Why Does Coffee Make Me Anxious But Not Soda? Exploring the Difference in Effects on Anxiety Levels

I have always been a coffee lover. There is something about that strong aroma and bold taste that just wakes me up and gets my day started on the right foot. However, I have noticed something peculiar about my relationship with coffee – it sometimes makes me feel anxious. On the other hand, I can drink soda without experiencing any of these anxious feelings. This got me thinking – why does coffee make me anxious but not soda? Are there any differences in the effects of these two beverages on anxiety levels? Let’s dive into the world of caffeine and explore the reasons behind this intriguing phenomenon.

The Role of Caffeine

Caffeine is one of the most commonly consumed psychoactive substances worldwide. Found in coffee, tea, energy drinks, and even some medications, it is known for its stimulating effects on the central nervous system. Caffeine works by blocking the action of a neurotransmitter called adenosine, which helps us feel tired and promotes sleep. By inhibiting adenosine, caffeine increases wakefulness and alertness, making us feel more energetic.

Coffee: A Higher Caffeine Content

Coffee contains significantly more caffeine than soda. Typically, a cup of coffee contains around 95 milligrams of caffeine, whereas a can of soda may only have around 30 milligrams. The increased caffeine content in coffee can lead to a more pronounced effect on anxiety levels. Higher doses of caffeine can stimulate the release of adrenaline, a hormone associated with the body’s fight-or-flight response. This surge in adrenaline can trigger feelings of anxiety, restlessness, and even panic in susceptible individuals.

Soda: Other Factors at Play

While caffeine may not be the primary culprit for anxiety-inducing effects in soda, other factors could contribute to its possible calming effects compared to coffee. One key factor to consider is sugar content. Most sodas are loaded with sugar, which can have a calming effect on the brain. Sugar can trigger the release of serotonin, a neurotransmitter known for its mood-enhancing properties. The temporary surge in serotonin levels can create a sense of relaxation and well-being, counteracting any potential anxiety symptoms.

Another factor is the presence of l-theanine. L-theanine is an amino acid found in tea, including some sodas. It is known for its calming effects and ability to reduce stress and anxiety. L-theanine can counterbalance the stimulating effects of caffeine by promoting relaxation and improving focus without causing drowsiness. The combination of caffeine and l-theanine found in some sodas can provide a more balanced and relaxed experience compared to coffee.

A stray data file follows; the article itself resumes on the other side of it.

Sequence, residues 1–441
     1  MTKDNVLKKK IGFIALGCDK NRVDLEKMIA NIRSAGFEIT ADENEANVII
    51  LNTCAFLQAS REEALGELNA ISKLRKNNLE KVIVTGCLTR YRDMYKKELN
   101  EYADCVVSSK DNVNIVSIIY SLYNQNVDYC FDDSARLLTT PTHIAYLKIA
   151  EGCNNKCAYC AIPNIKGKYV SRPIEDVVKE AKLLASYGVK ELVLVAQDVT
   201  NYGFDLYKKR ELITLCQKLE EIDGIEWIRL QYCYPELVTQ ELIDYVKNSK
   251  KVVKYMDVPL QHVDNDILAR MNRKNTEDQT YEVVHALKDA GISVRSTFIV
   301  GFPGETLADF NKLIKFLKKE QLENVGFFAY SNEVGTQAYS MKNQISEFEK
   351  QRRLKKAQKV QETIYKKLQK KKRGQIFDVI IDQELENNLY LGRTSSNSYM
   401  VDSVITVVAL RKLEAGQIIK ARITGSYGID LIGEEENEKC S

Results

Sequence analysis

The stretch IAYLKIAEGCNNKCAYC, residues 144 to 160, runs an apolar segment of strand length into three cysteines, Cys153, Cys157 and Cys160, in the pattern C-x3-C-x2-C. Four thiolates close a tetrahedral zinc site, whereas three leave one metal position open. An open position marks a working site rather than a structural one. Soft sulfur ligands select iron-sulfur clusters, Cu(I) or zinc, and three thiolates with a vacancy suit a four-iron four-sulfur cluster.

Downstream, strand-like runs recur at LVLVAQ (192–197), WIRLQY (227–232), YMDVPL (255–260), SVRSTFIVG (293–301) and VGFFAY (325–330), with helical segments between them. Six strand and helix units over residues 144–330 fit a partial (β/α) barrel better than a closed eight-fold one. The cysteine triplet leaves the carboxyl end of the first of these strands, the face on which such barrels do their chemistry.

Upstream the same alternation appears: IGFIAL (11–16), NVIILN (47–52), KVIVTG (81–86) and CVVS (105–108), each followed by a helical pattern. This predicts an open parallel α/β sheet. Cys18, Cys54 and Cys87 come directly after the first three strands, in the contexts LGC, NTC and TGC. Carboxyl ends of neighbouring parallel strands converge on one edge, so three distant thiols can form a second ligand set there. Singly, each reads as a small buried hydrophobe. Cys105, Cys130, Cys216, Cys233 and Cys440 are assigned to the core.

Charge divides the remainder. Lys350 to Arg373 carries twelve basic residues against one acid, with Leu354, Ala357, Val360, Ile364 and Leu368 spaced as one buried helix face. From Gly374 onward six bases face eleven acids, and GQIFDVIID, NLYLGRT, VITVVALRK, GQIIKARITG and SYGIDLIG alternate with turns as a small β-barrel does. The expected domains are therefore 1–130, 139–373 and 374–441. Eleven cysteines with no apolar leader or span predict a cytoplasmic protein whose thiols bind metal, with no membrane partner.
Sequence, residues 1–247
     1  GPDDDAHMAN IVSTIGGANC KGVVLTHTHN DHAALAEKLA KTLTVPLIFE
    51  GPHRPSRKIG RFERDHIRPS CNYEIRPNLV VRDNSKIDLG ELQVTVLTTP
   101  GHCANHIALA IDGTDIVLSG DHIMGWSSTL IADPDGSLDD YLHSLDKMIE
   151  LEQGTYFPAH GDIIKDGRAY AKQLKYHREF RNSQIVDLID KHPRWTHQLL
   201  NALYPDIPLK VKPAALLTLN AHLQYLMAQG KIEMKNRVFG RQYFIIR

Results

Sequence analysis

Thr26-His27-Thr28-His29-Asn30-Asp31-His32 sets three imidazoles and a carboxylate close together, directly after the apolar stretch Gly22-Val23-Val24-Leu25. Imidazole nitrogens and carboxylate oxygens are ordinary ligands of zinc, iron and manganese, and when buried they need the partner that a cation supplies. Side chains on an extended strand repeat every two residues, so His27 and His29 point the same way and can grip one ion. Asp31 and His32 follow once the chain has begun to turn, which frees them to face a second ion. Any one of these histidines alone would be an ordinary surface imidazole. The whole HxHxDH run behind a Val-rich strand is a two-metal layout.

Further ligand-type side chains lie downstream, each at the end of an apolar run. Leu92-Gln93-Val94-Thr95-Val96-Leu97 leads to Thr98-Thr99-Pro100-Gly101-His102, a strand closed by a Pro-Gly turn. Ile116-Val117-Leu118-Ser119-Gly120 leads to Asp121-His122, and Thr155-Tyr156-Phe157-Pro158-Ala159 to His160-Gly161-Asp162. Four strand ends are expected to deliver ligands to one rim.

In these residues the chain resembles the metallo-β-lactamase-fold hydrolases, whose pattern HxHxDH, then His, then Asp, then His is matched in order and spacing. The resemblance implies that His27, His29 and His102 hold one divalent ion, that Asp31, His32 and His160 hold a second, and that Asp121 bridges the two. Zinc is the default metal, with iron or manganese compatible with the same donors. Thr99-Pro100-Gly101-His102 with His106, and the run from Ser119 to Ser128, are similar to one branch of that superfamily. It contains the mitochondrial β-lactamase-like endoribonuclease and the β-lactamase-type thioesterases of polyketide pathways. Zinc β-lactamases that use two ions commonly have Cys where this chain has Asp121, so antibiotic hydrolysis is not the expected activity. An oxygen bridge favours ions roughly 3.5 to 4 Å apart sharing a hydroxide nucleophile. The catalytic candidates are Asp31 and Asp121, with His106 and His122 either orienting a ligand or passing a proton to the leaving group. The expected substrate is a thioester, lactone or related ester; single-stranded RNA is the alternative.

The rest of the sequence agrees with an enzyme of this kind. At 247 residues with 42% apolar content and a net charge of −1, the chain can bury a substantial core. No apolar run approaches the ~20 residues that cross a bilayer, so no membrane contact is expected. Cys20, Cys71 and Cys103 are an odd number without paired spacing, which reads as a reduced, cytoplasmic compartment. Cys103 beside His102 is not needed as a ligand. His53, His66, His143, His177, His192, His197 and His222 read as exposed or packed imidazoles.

The Role of Personal Sensitivity

Each person’s reaction to caffeine can vary significantly depending on their individual sensitivity. Some individuals may be more susceptible to the stimulating effects of caffeine, while others may be relatively unaffected. Genetic factors, such as the presence of certain enzymes that metabolize caffeine, can influence sensitivity levels. Additionally, factors like age, body mass, and existing anxiety or stress levels can also impact how caffeine affects each person.

The Anxiogenic Effects of Coffee

Despite the potential anxiety-inducing effects of caffeine, it is important to note that anxiety can also be a result of psychological factors. For example, if you have had a negative experience with coffee in the past or associate it with stressful situations, it can trigger anxiety-related responses. The power of the mind should not be underestimated when considering the overall effect of coffee on anxiety levels.

Psychological Conditioning and Soda

In contrast, many people do not have that same conditioned response to soda. Soda consumption is often associated with relaxation and socialization, rather than productivity or intense focus. This difference in psychological conditioning could contribute to the divergent effects between coffee and soda on anxiety levels.


In conclusion, the difference in anxiety-inducing effects between coffee and soda can be attributed to several factors. The higher content of caffeine in coffee amplifies its potential to stimulate the release of adrenaline, leading to increased anxiety levels. On the other hand, soda’s lower caffeine content, combined with factors such as sugar and l-theanine, can create a more balanced and relaxed experience.

However, it is crucial to consider individual sensitivity, genetic factors, and psychological conditioning when evaluating the impact of these beverages on anxiety levels. Each person’s response will vary, so it is essential to listen to your body and understand how different substances affect you personally. As for me, I will continue to enjoy my cup of coffee in moderation, being mindful of its potential effects on my anxiety levels.

Leave a Comment